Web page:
BACON: Who will watch the watchers?

Mine disaster investigators should be independent

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Later this month, the Mine Safety and Health Administration (MSHA) is expected to release the findings of its investigation into the deadly explosion at the Upper Big Branch coal mine in West Virginia. But who, if anyone, will investigate the way the MSHA conducted that investigation?

Twenty-nine coal miners died April 5, 2010, when a powerful explosion ripped through Upper Big Branch, which was owned by the former Massey Energy Co. Less than a week after the explosion - before the formal investigation began - the MSHA declared the tragedy to be “a failure first and foremost of Massey Energy Co. management,” and then set out to prove its point. In a Massey-funded probe into the causes of the disaster, a team of experts not only disputed the MSHA’s anticipated conclusions, but accused the regulatory agency of conducting a “deeply flawed” accident investigation. The fix was in from the beginning, contends the Massey report.

In its biased investigation, the agency “lured witnesses, sometimes under false pretenses” and without an attorney, to interviews where it “framed questions to induce testimony that only supported the MSHA’s conclusions.” Moreover, the agency interfered with Massey’s investigation, prohibiting its experts from utilizing essential tools such as photography, modern mine mapping and independent coal-dust sampling. The agency coerced Massey into applying rock dust and water to areas still under investigation, thus destroying evidence, and it ordered the withdrawal of the company’s scientific experts from the mine on the basis of concocted safety concerns. Most explosively, the company charged the MSHA’s chief investigator with attempting to intimidate its experts with “retaliatory action” in order to influence their conclusions.

The company’s new owner, Alpha Natural Resources, stated that the Massey report was “unauthorized,” and declared it would conduct its own inquiry. But former Massey chairman Bobby R. Inman, who is no longer with the company, released it in early June, two days after the acquisition was completed, out of “a strong sense of responsibility for all those who mined coal.”

In his cover letter, Mr. Inman urged Congress to pass legislation to create an independent agency to investigate mine accidents, rather than letting the MSHA “police itself.” An independent West Virginia investigation found that the agency’s lax enforcement of safety rules made it partly to blame. Whether the MSHA will accept a share of the culpability in its own report is an open question. As judge and jury in the case, the agency can easily cover its own tracks. Mr. Inman cited the National Transportation Safety Board, which investigates airline crashes, as an alternative model.

I have no way of knowing whether to believe Massey’s experts, who blamed an unforeseeable upwelling of natural gas for the explosion, or the findings of the West Virginia inquiry, which concluded that the disaster was a result of the company’s violations of multiple safety standards made possible by insufficient regulatory oversight. The West Virginia panel was arguably more independent than the Massey-hired experts, but it wasn’t necessarily any less biased. It drew heavily from the tainted MSHA-directed witness interviews, and it did not have access to forensic evidence collected by the Massey team.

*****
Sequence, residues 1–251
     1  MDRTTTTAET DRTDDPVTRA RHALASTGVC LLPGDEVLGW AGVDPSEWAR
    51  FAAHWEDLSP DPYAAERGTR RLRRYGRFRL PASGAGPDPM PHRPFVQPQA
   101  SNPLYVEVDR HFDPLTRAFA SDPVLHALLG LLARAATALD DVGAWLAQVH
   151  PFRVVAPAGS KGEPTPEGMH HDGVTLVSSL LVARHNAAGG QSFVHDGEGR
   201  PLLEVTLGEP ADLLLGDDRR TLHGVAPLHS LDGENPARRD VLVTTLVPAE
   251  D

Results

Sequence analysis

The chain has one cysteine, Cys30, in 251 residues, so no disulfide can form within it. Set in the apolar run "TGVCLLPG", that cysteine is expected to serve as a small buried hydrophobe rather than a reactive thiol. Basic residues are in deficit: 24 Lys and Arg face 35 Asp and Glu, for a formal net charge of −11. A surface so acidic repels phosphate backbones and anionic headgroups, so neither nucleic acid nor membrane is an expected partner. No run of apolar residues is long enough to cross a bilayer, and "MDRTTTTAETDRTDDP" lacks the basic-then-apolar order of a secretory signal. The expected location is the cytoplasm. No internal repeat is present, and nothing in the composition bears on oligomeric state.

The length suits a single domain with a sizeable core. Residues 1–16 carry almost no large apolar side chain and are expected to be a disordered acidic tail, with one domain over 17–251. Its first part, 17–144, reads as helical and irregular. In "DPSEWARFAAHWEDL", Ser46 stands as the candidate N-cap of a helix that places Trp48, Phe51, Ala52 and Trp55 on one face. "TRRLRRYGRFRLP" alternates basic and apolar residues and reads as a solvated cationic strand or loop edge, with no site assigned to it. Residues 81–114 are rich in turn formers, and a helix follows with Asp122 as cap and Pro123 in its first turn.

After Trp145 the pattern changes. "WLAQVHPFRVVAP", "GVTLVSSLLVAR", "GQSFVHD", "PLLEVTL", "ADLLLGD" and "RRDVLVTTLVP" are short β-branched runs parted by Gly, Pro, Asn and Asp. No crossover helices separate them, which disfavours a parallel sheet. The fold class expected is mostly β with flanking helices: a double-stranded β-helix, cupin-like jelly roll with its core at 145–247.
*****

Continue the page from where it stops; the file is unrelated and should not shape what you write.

Unfortunately, there is no way to keep politics out of the investigation. Before its acquisition by Alpha, Massey was the largest non-union coal mining company in the country. As such, it became Public Enemy No. 1 for the United Mine Workers of America (UMWA), as well as environmental groups and other allies in the progressive movement. Moreover, the company’s CEO, Don Blankenship, was a combative and polarizing figure in West Virginia. Mr. Blankenship’s friendship with a state Supreme Court judge who ruled on a major Massey-related lawsuit was especially scandalous.

Less remarked upon is the pervasive influence of the miners union in West Virginia politics, the employment of former UMWA miners as MSHA inspectors or the role of West Virginia’s congressional delegation in advancing the union’s interests in Washington. The UMWA used the Upper Big Branch disaster to put unremitting heat on Massey, depicting the company as a renegade on safety and environmental issues. The publicity from the mine disaster was so negative and all-pervasive that Massey’s board agreed to sell the highly profitable company. The new owner, Alpha, has ample incentive to make peace with the union and the MSHA, blame former management for the catastrophe and move on.

There is no one left to defend the reputation of the old Massey Energy organization and that of the executives and managers who worked there - no one except Bobby Inman, the 80-year-old former director of the Central Intelligence Agency, who now is a professor at the University of Texas. Mr. Inman is armed with nothing more than an orphaned report, which, regardless of the merits of its contents, will predictably be dismissed as a whitewash.

Still, the issue Mr. Inman raises will not go away. There will be other mine disasters. The politics and prejudices of Central Appalachia’s ongoing class war will intrude into the investigations, and justice could be derailed as a result. The MSHA’s behavior would be a worthy subject of a congressional hearing, and Mr. Inman’s idea for an independent investigative agency is one that should be pursued.

James A. Bacon is the author of “Boomergeddon” and publisher of the Bacon’s Rebellion blog at baconsrebellion.com.

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